Adaptation to seasons, external circumstances, as well as situations is integral to yoga philosophy. As the season changes, this post is a reminder to begin the adaptation phase. Holidays become markers to remind us to clean our house–homes, bodies, minds. Here are some suggestions to start the process.
Shatkarma: These are cleansing kriyas or practices. See the blog post Yoga Spring Cleaning: Digestive System (March 20, 2011). Cleaning the digestive system can be gentle or moderate through varied detoxification methods. From partial fasts, to high-fiber diets, to shankhprakshalan, there are many ways.
Asana: A gradual switch to more active routines from the relatively passive summer asanas is now appropriate. Active routines counter the slowing winter metabolism and help keep the body warmer. As the digestive system becomes more sluggish, a practice of surya namaskar/sun salutations can invigorate and improve the digestive process by toning and stimulating peristalsis.
Pranayama: The cooling summer breaths of sitali and sitakari give way to kapalbhati and bhastrika. The active breaths gently pump the belly and stimulate the heat-generating manipura chakra. The abdominal organs get a work-out. The respiratory system is flushed and strengthened.
Meditation: These practices remain steady. A greater inner focus begins.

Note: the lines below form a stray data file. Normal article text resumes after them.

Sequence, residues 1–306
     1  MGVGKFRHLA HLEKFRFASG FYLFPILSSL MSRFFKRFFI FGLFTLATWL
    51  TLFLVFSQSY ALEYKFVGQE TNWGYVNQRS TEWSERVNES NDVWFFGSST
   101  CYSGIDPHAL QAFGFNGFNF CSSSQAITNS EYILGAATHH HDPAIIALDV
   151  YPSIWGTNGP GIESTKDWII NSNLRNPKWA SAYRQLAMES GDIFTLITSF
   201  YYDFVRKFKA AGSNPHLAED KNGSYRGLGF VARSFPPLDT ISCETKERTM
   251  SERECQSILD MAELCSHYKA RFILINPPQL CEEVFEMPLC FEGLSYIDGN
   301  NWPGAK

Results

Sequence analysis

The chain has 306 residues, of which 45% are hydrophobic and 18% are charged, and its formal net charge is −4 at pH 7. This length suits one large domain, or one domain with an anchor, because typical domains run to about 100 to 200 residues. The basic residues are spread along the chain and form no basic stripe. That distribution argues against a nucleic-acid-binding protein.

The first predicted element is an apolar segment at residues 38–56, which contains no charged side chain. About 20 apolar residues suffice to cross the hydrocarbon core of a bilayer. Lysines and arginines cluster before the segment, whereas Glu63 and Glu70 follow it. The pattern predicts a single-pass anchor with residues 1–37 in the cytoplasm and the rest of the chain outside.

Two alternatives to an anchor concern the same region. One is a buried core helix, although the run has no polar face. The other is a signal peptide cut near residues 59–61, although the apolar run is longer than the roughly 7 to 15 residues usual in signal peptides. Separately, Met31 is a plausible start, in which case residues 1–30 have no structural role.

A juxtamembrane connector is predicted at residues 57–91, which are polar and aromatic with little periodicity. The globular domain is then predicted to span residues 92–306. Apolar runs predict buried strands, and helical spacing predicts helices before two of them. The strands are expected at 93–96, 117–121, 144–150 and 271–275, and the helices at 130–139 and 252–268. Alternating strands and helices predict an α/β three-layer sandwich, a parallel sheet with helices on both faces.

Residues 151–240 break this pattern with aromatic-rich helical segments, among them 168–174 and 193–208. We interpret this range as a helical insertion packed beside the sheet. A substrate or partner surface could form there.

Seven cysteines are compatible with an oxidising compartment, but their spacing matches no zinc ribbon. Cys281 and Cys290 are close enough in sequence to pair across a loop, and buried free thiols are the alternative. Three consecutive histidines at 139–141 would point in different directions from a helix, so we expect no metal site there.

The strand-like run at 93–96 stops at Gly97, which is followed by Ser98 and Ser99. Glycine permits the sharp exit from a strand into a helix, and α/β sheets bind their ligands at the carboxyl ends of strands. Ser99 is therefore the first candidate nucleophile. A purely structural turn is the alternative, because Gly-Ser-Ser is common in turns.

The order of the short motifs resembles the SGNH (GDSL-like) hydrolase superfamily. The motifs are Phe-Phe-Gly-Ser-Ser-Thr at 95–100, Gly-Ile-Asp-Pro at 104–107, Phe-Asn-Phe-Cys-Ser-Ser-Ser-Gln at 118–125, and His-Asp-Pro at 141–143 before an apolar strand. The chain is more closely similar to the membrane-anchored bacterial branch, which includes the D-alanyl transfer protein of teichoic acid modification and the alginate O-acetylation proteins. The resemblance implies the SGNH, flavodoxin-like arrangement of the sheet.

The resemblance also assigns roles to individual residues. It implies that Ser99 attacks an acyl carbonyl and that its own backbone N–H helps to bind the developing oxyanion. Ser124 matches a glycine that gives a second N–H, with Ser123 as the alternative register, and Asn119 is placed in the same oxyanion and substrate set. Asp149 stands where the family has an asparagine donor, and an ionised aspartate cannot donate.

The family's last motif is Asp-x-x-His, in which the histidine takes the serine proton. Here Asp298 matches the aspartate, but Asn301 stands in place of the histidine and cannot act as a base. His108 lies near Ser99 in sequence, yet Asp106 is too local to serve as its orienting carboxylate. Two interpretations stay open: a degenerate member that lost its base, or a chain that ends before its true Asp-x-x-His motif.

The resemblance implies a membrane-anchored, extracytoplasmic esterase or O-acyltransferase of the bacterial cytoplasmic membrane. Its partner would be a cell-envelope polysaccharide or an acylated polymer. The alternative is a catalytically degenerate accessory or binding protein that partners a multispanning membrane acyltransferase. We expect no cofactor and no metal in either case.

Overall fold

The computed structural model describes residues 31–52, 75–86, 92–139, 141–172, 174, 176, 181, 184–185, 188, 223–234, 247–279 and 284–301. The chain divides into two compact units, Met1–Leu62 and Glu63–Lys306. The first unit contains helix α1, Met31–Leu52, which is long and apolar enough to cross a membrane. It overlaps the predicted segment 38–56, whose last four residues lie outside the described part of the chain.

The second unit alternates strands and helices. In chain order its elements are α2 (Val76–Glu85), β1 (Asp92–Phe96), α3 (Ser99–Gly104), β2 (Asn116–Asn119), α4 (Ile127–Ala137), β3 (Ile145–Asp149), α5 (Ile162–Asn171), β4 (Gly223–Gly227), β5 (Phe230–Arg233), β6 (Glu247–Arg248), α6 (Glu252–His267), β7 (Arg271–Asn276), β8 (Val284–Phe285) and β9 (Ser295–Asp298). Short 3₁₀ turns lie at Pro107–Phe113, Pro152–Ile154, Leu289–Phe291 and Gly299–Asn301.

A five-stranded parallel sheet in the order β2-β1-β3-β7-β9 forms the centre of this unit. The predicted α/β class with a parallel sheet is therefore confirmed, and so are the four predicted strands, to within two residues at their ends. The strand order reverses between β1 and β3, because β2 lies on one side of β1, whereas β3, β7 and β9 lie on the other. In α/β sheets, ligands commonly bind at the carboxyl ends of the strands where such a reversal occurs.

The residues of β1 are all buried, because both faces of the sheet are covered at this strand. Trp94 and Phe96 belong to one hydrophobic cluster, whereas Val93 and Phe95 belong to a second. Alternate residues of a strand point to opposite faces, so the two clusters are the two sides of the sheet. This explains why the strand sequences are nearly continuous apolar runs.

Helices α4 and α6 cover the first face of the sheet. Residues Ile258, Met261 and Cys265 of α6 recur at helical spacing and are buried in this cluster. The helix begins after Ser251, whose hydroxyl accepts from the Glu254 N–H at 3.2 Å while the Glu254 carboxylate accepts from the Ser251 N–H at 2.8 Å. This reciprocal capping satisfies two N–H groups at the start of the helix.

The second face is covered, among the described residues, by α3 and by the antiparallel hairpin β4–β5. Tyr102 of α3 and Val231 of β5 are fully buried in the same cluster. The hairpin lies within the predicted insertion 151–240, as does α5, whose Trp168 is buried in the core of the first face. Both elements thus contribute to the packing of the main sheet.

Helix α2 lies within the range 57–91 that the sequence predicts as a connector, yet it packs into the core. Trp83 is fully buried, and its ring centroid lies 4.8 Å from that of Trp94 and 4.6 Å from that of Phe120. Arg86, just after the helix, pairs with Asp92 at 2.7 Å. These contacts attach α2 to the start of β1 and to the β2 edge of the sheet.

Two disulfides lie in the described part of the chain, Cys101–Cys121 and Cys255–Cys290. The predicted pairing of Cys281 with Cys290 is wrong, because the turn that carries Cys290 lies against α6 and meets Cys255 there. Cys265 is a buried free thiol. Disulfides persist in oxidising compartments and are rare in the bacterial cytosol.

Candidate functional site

We all know this. We experience its benefits every time we practice, whether at home or in a weekly class. In the Satyananda system of Integral yoga, in addition to favourites such as Yoga Nidra, we have a set of practices that cleanse our bodies, and clear our minds. We need therapy to counteract disease. If disease manifests in the physical body we often emphasise physical therapies. Similarly if disease manifests in our minds or emotions we seek out mental or emotional therapies. But because all these layers of our being are inextricably linked, we usually need to address our disease from as many levels as possible in order to clear it from every level. All forms of pranayama can be helpful because they work through the pranic body – the bridge between body and mind. The digestive system is the base of many diseases. When we have faulty digestion from poor production of digestive juices (commonly caused by eating the wrong foods at the wrong time, or by stress) then we have the potential for huge amounts of toxins in the gut. These, along with toxins from our environment and the effects of our own negative thinking, result in toxicity that is a playground for disease-producing organisms – hence our susceptibility to viruses, infections and so on. A healthy balance of flora (bacteria) in the gut is essential to good health and can be assisted by regular cleansing of the gut through Yoga cleansing practices. These cleansing practices also help to maintain the health of the gut wall – an important part of the prevention of allergic reactions. Poor digestion is behind many allergies such as hay fever, skin rashes, allergic asthma and even some forms of arthritis.
Thank you for your detailed comment which is well appreciated. It is interesting to note "We all know this." None of us know it all in yoga. In this blog's opinion, we all learn from each other with some sense of humility (an important aspect of yoga) and that process never stops for anyone if we keep ourselves open. This is what Swami Satyananda taught me.